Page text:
To get the facts straight on the Jones Act’s impact on hurricane relief efforts in Puerto Rico, we reached out to the American Maritime Partnership, a group representing more than 400 U.S. maritime companies from Alaska to Puerto Rico.
“A steady stream of additional supplies keeps arriving in Puerto Rico on American vessels and on international ships from around the world. The problem now is distributing supplies from Puerto Rico’s ports inland by surface transportation,” said Thomas Allegretti, Chairman of the American Maritime Partnership.
Since Maria hit, American maritime companies have moved approximately 9,500 containers of goods in Puerto Rico to help the territory and its residents with the recovery. Foreign-flag vessels are also arriving at the island as they normally do when transporting goods not coming from the United States.
Allegretti offered another statement later in the day amid reports that thousands of shipping containers loaded with vital supplies were stacking up San Juan:
“Earlier today, the President responded to a question on the White House lawn regarding the need to waive the Jones Act for the recovery in Puerto Rico. He mentioned that the shippers are not in favor of waiving the Jones Act. He is right and here is why. What we are seeing clearly on the ground is thousands of cargo containers piling up at the port of San Juan, filled with essential goods that the Puerto Rican people desperately need, but not nearly enough trucks and clear roads to distribute the goods. So, the problem at the port is a lack of trucks and delivery routes, not a lack of vessels.
The President was also right when he said that we have a lot of ships out there right now. Much needed cargo has been delivered to the port, and an armada of U.S. and foreign vessels continues to arrive.
We continue to work hand in glove with the FEMA and the rest of the Administration to help find solutions to get the goods distributed from the ports to our fellow Americans, and the men and women of American and Puerto Rican maritime, along with foreign shippers, are answering the call.” – Thomas Allegretti, Chairman, American Maritime Partnership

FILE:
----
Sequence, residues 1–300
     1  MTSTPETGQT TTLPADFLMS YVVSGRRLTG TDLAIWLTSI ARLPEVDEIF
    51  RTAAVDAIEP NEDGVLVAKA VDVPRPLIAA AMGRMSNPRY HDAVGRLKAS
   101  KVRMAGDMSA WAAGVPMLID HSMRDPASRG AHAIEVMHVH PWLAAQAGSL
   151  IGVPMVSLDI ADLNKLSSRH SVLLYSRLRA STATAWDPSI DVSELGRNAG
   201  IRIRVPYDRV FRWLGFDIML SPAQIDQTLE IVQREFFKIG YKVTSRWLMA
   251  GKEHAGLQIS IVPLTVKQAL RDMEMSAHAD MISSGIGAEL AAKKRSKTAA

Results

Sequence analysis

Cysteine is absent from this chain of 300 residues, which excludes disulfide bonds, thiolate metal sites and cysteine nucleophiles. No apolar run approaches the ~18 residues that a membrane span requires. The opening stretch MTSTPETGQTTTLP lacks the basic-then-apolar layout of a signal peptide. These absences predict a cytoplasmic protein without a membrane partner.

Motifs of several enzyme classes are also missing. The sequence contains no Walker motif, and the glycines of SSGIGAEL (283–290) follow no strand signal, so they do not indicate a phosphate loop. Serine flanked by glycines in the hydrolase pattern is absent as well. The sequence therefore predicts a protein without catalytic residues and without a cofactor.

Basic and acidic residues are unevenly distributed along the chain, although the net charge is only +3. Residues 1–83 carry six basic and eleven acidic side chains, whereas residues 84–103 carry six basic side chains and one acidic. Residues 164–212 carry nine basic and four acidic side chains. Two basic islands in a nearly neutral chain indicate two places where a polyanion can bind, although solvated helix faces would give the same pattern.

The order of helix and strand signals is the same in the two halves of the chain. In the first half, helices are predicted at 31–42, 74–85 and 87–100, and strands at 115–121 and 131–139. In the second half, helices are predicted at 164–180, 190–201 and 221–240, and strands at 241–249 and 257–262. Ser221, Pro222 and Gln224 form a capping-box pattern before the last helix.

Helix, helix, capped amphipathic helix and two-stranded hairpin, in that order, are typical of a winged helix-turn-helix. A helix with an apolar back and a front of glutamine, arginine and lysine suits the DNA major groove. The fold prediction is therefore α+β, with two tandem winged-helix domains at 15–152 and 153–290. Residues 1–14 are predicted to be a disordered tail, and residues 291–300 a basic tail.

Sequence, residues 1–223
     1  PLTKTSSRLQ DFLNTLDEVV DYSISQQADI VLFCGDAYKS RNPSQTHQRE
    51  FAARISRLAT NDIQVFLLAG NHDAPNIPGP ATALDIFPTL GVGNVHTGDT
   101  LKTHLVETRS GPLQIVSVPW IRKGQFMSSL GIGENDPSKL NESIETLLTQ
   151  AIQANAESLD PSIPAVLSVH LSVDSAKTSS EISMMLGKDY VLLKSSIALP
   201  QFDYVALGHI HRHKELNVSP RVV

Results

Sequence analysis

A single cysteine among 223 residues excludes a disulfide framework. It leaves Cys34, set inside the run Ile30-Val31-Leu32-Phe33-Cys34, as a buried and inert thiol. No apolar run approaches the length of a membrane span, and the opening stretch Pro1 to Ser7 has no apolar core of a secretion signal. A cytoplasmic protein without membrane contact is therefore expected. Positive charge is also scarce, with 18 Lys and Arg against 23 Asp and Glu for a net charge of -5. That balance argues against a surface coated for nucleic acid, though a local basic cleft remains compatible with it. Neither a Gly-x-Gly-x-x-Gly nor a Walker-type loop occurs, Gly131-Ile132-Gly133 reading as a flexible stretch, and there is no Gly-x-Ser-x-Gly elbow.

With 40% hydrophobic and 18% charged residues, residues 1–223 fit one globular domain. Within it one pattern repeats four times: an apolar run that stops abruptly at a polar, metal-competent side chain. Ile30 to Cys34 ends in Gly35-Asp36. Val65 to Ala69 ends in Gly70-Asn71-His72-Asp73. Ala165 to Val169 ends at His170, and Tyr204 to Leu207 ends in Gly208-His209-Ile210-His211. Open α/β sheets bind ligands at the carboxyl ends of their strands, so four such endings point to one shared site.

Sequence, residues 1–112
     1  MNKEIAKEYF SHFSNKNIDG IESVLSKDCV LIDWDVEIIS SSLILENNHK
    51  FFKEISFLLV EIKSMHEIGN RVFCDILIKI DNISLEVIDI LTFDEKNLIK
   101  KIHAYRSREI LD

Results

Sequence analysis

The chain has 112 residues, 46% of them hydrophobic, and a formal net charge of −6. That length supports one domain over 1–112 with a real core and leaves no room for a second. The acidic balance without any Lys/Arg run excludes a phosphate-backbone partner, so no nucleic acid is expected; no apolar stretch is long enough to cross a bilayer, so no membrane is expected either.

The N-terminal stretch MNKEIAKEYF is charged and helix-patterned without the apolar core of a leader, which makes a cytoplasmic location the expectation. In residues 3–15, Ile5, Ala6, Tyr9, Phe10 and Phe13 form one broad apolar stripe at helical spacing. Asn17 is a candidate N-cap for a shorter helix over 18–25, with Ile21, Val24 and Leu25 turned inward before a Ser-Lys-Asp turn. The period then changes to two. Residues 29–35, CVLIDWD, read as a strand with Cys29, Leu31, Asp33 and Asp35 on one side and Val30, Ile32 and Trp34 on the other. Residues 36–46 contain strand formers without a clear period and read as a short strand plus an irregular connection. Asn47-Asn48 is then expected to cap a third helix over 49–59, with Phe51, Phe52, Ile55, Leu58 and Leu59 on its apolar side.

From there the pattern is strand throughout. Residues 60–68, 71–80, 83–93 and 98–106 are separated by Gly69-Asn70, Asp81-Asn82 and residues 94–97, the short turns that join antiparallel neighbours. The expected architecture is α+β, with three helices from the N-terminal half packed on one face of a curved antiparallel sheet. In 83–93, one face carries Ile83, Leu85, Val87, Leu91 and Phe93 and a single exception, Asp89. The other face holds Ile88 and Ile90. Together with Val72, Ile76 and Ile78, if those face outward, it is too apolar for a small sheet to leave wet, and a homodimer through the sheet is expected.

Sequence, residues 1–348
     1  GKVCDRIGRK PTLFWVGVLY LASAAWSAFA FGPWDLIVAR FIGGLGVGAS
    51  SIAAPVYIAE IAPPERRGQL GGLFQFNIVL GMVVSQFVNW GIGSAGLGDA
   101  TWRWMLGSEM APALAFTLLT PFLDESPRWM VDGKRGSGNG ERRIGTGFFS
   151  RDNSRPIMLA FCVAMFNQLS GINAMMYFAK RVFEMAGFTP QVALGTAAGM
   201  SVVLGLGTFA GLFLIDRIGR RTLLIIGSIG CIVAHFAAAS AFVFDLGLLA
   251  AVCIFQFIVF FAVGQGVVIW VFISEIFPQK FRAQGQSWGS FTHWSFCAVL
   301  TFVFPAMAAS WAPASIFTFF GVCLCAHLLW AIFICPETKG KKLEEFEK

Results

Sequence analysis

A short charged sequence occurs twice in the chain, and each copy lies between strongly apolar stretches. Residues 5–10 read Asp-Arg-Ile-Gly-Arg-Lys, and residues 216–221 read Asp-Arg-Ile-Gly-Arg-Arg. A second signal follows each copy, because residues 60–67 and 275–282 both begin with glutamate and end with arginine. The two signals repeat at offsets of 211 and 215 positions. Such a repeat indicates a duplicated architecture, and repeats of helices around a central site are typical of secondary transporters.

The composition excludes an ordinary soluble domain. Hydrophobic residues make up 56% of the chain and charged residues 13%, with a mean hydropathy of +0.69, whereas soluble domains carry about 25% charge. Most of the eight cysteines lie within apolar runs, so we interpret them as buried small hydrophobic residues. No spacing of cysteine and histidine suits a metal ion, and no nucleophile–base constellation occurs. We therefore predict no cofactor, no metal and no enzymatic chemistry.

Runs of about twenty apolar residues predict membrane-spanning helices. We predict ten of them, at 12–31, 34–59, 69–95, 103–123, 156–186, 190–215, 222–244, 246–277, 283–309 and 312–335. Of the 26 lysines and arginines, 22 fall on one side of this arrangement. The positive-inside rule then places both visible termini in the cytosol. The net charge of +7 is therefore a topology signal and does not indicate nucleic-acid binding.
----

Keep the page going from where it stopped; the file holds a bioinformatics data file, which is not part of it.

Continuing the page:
In response to numerous reports in the media claiming that the Jones Act is somehow hindering relief efforts in Puerto Rico, the AMP provided the following fact check to hopefully set the record straight:
Claim: The Jones Act prevents cargo from foreign vessels to reach Puerto Rico.
False. Any foreign vessel can call on Puerto Rico. The Government Accountability Office (GAO) noted in a 2011 report that two-thirds of the ships serving Puerto Rico were foreign ships. 55 different foreign carriers provided imported cargo to Puerto Rico in a single month, as cited as an example by GAO. Foreign shipping companies compete directly with the American shipping companies in an intensely competitive transportation market.
Claim: Import costs are at least twice as high in Puerto Rico as in neighboring islands on account of the Jones Act.
There is no study that supports this statement in any way. In fact, anecdotal evidence about rates indicates that the opposite is true. For example, one analysis shows it is 40% more expensive to ship goods from the U.S. mainland on foreign vessels to the U.S. Virgin Islands (not subject to the Jones Act) than on Jones Act vessels to Puerto Rico.
Claim: Jones Act vessels lack sufficient capacity to reach communities impacted by Hurricane Maria.
In the immediate aftermath of the hurricane, one hundred percent of the island was without power, and roads were blocked by downed trees and debris. Goods are arriving to the island on vessels but bottlenecks on the roads are limiting arrival to the communities. The largest bottleneck is not getting goods to the island, but delivering goods once they arrive.